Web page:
Remember that just as you are thinking about which candidate will fit your business, the candidates are considering whether you will fit them. You need to make sure your business appeals to the kind of employee you want. If all you are offering is a job with a paycheck, your more talented people will leave when they get a better offer. You’ll get stuck with the folks who don’t have anything on the ball. It is in your best interest to create a company where people want to stay, a professional home, rather than just a job.

This is Part 1.  Part 2 shall be published shortly 4/30/2016

Ardent Group recently surveyed 134 small to medium sized companies throughout North America to determine the use of well-established business tools in operating a company.  63% reported having completed a strategic plan in the last 2 years.  42% have completed a customer survey and 48% have surveyed their employees in the last two years.  55% have a key metric dashboard.  Of those firms with a dashboard, 89% share budgets, 88% share quoting volume, 92% share sales, 93% share revenue and 88% share margin.  71% of firms responding report having a bonus program.  Of those with a bonus program 43% have a portion that is discretionary, 62% tie bonuses to individual performance and 67% tie bonuses to company performance.  63% of businesses report having a succession plan with 23% intending to sell to a third party and 41% intending to sell to an insider.  35% indicate a process is in place for business leaders to become owners.

If you have not participated in the survey, we encourage you to do so by clicking on the below link.


I have the privilege of knowing the leaders of many successful family businesses; I have also been one myself.  Passing down the leadership of a successful company can be a great opportunity for the next generation, and I’m glad I got a chance to work with and get to know my father in that way. But family businesses do not always work out well. Lines can get blurred, and sometimes people go to extremes, pushing children into or out of the business. A lot of people are understandably reluctant to mix family with work. I simply suggest that you take the time to discuss and consider all the issues before making your decision.

My father initially discouraged me from joining his company. He saw that I was finding success on my own and knew I could continue doing so. Many parents take the position that a family business is not an option—they feel that each generation should start from scratch and find its own way. Even those who want to give it a try find that family complicates business leadership.  How do you instill a strong work ethic, pride of accomplishment, and self-sufficiency in future generations?  How do you negotiate the boundaries between the professional and personal relationships? What do you do if the offspring you want to join the family business do not want to? What happens if the eager family member can’t or won’t do a good job? Is the business really a family asset to financially support current and future generations or is it simply your job?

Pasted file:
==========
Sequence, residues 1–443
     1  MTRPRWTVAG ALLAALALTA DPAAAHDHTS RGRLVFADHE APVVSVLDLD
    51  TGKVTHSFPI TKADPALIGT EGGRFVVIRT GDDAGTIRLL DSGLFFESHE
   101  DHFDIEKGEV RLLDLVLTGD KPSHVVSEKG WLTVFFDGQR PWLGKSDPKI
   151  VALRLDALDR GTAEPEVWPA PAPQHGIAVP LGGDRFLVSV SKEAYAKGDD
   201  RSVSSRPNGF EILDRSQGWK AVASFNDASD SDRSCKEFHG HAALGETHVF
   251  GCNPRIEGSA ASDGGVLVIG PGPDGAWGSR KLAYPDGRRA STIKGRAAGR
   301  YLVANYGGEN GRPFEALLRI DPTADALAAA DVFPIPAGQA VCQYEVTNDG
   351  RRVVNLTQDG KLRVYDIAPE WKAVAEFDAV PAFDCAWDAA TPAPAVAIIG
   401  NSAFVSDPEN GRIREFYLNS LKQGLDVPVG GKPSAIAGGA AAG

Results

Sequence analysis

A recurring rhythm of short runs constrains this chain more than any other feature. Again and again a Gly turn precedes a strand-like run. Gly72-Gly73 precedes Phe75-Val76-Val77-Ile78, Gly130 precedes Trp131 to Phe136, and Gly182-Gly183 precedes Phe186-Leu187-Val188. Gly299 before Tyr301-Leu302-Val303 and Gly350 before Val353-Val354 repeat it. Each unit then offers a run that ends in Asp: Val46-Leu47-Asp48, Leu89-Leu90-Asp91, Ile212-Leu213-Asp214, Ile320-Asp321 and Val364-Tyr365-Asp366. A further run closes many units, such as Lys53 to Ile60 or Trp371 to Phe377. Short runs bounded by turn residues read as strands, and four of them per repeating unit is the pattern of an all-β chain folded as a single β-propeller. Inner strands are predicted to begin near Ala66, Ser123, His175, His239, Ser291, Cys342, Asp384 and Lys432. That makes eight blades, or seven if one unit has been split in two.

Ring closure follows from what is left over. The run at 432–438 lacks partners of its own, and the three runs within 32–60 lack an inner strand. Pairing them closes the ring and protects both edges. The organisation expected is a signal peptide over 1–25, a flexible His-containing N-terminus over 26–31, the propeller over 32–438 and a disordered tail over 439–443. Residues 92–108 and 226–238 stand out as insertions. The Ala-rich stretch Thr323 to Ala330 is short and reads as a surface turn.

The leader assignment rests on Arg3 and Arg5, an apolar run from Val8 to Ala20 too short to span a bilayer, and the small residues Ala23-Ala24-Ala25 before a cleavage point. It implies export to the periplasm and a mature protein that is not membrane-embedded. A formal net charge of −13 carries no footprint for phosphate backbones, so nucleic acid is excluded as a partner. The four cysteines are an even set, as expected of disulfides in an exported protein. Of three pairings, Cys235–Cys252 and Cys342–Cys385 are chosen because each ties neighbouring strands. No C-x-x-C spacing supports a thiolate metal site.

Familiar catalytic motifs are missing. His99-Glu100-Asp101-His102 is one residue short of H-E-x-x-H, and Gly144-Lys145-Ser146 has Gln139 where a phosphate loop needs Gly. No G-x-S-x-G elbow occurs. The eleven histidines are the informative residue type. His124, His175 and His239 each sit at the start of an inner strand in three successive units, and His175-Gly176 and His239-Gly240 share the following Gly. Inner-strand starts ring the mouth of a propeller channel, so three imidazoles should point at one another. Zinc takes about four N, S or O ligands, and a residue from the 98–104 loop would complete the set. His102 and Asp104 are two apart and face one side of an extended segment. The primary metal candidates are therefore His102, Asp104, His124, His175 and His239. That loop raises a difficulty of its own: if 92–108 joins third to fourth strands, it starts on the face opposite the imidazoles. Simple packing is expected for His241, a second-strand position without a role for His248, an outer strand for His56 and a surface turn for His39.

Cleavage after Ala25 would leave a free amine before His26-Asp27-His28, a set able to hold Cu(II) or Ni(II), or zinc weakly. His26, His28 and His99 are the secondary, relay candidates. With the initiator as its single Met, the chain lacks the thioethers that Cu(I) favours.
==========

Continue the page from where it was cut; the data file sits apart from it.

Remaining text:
Those who are ready to seriously address all these questions and more will be able to help their offspring avoid substantial startup risk. Joining a family business may allow the next generation to have more influence on their work schedules, location, and the team that they work with.  But it isn’t an easy path. Based on my experience, it often means working harder and longer that you would in any other company–for me, working with my father meant a lot of time spent in airplanes and hotel rooms. For a family business to be successful, the next generation must have the determination and sheer willpower to forge ahead—and the current generation will have to figure out how to pass on their institutional knowledge and business savvy. Together the family must find ways to maintain those characteristics that make the business a success while managing the changes that new leadership and new challenges will require going into the future.

Transitioning the family business to the next generation is a gift.  The family business can create opportunities and carve out destinies.  It can result in pride of authorship through creating and selling a product or service that makes a difference.  It allows you to stand up for what you believe in and lead through example.  It allows you to have a positive impact on yourself, your family, your team, your community and those around you.  91% of all American work for someone else—but the family business can provide your children a fast lane into the 9% that lead others.  This gift is not about joining a country club or getting things handed to you. It is about hard work, integrity, responsibility, and about making decisions that can impact hundreds of lives.

I would submit that building on the success of the current generation’s business and using it as a spring board may be the harder option, but can result in greater opportunity and accomplishment.  Neither generation should dismiss this opportunity. It is a viable option that can positively impact all involved.


Recently, Tom Foster introduced me to a tool based on the research of Eliot Jacques—whose premise was that people differ in the time spans across which they can anticipate and plan for change. A good definition of leadership is managing change, so these time spans have a big impact on the type of leadership role a person can occupy.

Like a lot of business leaders, I used to think I had some kind of God-given ability to identify which individuals would do well in the organization. But even at the best of times, only about 60% of my hires really worked out like I expected them to. Looking at resumes and doing interviews just wasn’t giving me the information I needed to accurately predict how people would perform in the job.